• A line early on in the film implies that the ants and the grasshoppers struck some sort of deal with each other, lending support to this idea.
    Hopper: Listen, if you can't keep up your end of the bargain, then I can't guarantee your safety and there are insects out there that will take advantage of you!
    • Hopper's a bully. Bullies pick on people for no reason.

     Recycling the the Stockpile 
  • I know that Hopper asked the food to be doubled because the original stockpile fell into a puddle. However, remember that the Ant colony is on an island technically, with a stream that can be crossed during droughts. Since droughts are possible, doesn't that mean the puddle that had the food would dry out and that food could be used again? And even if a drought wouldn't dry it out, building a dam would- it would require much less resources than the many months the ants used to farm the new stockpile.
    • It's possible that either the water ruined the food, or that they did recover the food and their difficulty was finding more food on top of that.
      • Bugs don't give a crap about if their food is soggy, they would eat almost anything. Did you forget the Poo-Poo Platter?
      • The grain and berries would go bad if they were wet. That's the problem.
    • The only person who knows exactly what happened to the food is Flik. As far as Hopper knows, the ants might have just decided to keep all the food for themselves. In any case, Hopper isn't really bothered about the food, he's worried about the ants realising that they outnumber the grasshoppers and rebelling (he literally spells this out in his "grain" speech). His demand is a deliberate Disproportionate Retribution in order to keep the ants demoralised and under his control.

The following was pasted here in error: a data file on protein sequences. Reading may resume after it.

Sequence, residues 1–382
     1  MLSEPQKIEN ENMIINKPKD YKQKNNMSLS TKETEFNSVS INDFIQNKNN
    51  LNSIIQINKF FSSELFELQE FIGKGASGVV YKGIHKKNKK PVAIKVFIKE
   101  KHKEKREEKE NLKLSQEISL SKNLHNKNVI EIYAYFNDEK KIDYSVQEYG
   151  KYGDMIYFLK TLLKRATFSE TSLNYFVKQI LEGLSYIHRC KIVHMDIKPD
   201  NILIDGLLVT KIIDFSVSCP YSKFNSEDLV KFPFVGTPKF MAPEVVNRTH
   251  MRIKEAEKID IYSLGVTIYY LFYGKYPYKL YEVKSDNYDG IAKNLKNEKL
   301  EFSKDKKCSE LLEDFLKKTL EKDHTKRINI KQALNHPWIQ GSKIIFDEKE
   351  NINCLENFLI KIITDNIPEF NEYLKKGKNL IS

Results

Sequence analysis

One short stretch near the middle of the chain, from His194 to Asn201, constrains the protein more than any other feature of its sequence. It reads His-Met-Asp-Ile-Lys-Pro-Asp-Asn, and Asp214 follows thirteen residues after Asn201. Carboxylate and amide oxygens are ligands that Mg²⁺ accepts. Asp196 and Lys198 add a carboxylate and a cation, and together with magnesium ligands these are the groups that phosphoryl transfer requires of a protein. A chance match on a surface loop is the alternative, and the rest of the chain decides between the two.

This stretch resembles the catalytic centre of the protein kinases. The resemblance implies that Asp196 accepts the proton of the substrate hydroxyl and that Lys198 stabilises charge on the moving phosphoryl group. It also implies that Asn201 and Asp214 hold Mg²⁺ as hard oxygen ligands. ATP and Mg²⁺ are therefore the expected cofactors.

• What do bugs use for money?
    • Francis and the Blueberry Scouts are shown using playing poker with seeds, but seeds are pretty common and they might have not been real money since the kids are too young to own any.

     Grasshoppers Rule The Colony 
  • How exactly did those grasshoppers manage to dominate that ant colony? Ant colonies are known for being extremely protective of their queen and their offspring. If a grasshopper so much as set foot in their territory, they would immediately get swarmed and torn apart as well as eaten (since ants are omnivores). Those ants Hopper was bullying around were still quite large, with twenty being enough to take him down. Most grasshoppers who find themselves smack dab in the middle of an ant colony will try do everything in their power to escape from it as far as possible. Is that the reason Hopper was so intent on dominating them, as a way of conquering a great fear?